By Fay Turner-Paxton (YCE member and cancer survivor from the UK)
When you survive cancer, it gives you a completely new perspective. Having that perspective when you’re young can actually be really valuable, though in a lot of ways the financial impact of cancer can be extremely damaging to those of us who want to travel, apply for life insurance and mortgages in the future.
Whether we’ve had cancer a month ago or 8 years ago we still have to declare it. Even when the doctors say we’re good to travel, say that we’re free from disease and in the clear… the insurance companies don’t care. I know people that are perfectly well and run marathons, yet their travel insurance for a couple of days in Brussels is more than their flight just because they also happened to have had cancer at one point in their lives. It doesn’t make sense, does it?
I mean, realistically, we can apply for travel insurance and be quoted more than half what the holiday is even worth just because we’ve had cancer. Yet the friend we’re going with could be just as likely to break their leg as we are, and we’re much less likely to have an emergency related to cancer if we’ve been clear for years. You also get asked some weird questions on the application forms; one of my favourites that clearly wasn’t very well thought out is “have you been to an appointment for this condition in the last three months?” – those people on one or two yearly check-ups may be unlucky enough that their appointment fell within this time line and the price will be affected even though the appointment was absolutely fine.
It’s the same with applying for life insurance. Some survivors of childhood and young adult cancer are looking to apply for things like mortgages and life insurance but it can be dramatically affected by the fact they were once a cancer patient.
This isn’t just something that affects young adult survivors but all survivors across Europe. Surely, somewhere along the line we have to realise that it’s simply not fair to treat people this way? Criminals don’t have to declare their convictions after ten years, so why should we have to declare our background? We didn’t ask to have cancer. It just happens.
Myself and many of my friends are at the age that we want to travel, we want to see the world, but it’s a hell of a lot harder when we have to think about an extra budget for insurance that takes up nearly as much as the trips themselves. I heard something funny too: “why don’t you go to cheaper places?” Why should we? Why should we have to limit where we want to go, where we want to explore simply because the insurance for something that isn’t our fault is too high? Now, we understand the companies need to make money and cover their costs but there’s no transparency, there’s no explanation as to why it’s so high, there’s no way to explain to anyone your situation and the fact that your doctor is perfectly happy for you to travel.
This is why I’m very proud to be one of the contributors to a white paper that was presented at the European Parliament last month. As a member of Youth Cancer Europe (YCE), we’re wanting nations to take notice that this financial discrimination isn’t ok and to grant us the right to be forgotten which would mean we don’t have to declare our cancer history after a certain period of time. I personally think there needs to be a sliding scale of some kind, someone who is still in active treatment and someone who’s been off treatment and clear for three years shouldn’t be paying the same in insurance prices; their situations are completely different.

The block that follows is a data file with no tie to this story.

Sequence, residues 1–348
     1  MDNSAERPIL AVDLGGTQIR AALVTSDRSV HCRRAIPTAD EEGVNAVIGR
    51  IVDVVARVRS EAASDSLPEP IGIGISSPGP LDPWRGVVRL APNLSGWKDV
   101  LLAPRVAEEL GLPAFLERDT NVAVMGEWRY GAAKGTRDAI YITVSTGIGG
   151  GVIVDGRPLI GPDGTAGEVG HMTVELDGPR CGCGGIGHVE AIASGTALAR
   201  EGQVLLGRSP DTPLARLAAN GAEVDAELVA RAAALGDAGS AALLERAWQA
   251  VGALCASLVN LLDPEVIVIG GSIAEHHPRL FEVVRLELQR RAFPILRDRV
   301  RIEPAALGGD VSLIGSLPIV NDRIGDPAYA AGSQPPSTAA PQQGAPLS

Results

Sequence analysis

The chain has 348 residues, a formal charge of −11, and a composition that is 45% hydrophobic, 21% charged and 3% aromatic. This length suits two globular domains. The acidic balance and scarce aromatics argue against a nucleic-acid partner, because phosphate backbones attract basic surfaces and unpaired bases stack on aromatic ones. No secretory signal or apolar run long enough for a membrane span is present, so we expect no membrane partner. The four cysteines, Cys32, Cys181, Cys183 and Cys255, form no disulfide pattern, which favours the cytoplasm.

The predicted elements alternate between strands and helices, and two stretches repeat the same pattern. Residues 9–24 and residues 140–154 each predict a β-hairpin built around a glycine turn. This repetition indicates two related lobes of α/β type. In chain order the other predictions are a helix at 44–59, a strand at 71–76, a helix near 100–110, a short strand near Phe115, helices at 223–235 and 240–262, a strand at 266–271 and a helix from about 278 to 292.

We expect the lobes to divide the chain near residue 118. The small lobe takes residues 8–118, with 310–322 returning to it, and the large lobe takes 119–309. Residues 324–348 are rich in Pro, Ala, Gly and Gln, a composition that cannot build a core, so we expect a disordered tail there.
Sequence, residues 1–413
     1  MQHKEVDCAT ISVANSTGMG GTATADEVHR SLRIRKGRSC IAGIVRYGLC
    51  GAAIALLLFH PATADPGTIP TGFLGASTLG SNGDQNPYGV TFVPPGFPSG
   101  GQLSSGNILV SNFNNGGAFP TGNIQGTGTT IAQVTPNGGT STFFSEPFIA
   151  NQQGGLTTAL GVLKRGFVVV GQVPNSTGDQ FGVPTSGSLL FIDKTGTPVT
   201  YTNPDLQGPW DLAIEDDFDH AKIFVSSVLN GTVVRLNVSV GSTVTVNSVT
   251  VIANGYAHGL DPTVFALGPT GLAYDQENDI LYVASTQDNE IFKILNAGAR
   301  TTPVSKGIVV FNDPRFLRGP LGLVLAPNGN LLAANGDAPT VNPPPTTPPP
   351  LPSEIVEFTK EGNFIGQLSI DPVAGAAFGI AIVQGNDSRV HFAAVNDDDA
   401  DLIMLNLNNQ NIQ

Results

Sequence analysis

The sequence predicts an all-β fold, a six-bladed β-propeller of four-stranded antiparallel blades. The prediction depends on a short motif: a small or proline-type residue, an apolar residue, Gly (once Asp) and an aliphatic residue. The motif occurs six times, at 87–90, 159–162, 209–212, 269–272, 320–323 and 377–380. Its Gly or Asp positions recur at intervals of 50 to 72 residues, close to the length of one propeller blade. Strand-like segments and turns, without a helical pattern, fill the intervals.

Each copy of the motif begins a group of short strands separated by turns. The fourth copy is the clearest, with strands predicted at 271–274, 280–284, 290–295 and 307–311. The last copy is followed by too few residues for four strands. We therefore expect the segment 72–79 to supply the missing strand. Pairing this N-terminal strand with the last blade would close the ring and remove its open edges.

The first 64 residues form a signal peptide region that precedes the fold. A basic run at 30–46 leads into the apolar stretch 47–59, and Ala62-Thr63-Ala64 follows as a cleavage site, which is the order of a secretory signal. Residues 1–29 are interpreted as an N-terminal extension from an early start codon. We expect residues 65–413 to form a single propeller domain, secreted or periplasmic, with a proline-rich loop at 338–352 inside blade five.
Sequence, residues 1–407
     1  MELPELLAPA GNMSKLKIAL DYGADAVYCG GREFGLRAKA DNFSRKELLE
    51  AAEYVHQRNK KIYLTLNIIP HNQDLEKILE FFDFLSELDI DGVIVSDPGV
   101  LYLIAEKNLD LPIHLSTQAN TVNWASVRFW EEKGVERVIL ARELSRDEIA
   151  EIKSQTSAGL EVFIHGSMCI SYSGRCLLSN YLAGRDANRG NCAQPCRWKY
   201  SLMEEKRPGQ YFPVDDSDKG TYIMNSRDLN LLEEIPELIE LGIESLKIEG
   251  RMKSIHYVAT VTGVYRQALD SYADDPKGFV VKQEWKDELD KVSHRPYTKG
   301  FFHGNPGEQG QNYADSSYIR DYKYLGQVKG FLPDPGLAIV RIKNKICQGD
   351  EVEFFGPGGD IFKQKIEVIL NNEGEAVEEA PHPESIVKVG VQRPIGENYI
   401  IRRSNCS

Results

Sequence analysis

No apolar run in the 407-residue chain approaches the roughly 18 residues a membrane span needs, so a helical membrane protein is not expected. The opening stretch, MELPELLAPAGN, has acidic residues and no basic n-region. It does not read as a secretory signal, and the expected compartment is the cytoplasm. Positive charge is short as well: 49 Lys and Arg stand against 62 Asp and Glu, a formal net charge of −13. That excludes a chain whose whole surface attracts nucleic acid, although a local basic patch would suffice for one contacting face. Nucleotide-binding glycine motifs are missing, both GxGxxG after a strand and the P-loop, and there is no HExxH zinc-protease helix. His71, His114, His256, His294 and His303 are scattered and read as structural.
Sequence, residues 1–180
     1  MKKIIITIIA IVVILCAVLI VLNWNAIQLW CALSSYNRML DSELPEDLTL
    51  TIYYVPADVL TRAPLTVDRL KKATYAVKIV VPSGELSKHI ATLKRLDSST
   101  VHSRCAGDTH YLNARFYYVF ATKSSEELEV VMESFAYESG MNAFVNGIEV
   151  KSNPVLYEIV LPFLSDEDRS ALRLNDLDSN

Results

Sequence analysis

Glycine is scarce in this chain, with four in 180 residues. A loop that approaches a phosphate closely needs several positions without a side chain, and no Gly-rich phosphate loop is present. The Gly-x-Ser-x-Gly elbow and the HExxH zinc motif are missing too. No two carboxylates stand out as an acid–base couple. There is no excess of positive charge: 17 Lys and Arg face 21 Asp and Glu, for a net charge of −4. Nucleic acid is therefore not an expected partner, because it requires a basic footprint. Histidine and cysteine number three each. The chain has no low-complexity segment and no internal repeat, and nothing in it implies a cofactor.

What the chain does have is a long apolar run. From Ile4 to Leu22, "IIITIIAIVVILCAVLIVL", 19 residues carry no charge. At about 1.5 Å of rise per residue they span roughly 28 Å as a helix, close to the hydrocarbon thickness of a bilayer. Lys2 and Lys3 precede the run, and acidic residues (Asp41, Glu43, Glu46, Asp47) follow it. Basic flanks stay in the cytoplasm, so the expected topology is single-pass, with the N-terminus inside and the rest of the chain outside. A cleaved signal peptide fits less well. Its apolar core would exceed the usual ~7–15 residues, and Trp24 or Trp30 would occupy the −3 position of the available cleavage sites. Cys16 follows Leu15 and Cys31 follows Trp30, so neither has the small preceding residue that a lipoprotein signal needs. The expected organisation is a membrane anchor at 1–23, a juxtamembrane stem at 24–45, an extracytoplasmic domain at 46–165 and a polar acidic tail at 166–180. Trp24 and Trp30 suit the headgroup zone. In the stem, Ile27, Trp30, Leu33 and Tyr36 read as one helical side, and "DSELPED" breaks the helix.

France practice the right to be forgotten and have done since 2016, so those conversations are possible and should be had about how it could work for the UK and other European countries.
Financial discrimination isn’t the only topic we cover in the white paper; there’s also mental health, fertility, cross-border healthcare and dental care. As a group, at YCE we’re extremely passionate about the issues we and other patients and survivors all over Europe face today and I feel so honoured to be a part of this group of people that can hopefully make the change we want for the next generation. Because there will be a next. As treatments improve there will be more survivors which means there will be more people facing these barriers when what they should be doing is enjoying the rest of their lives without having to worry about cancer impacting it forever.
I want to travel one day if I can, I’m at University at the moment but I’d like to study abroad if I could. Right now, that seems almost impossible with insurance the way it is now. For our own peace of mind, we want to have insurance but it’s no wonder a lot of us simply have to travel without it because it’s unaffordable. It’s kind of crazy that in 2018 the financial industry can discriminate against a group of people in this way and not even explain to us why. Clearly something should change.
Fay Louise xx
Fay is a member of Youth Cancer Europe and a cancer survivor. You can check out her blog My Little Piece Of Wonderland, where this post was originally published, here.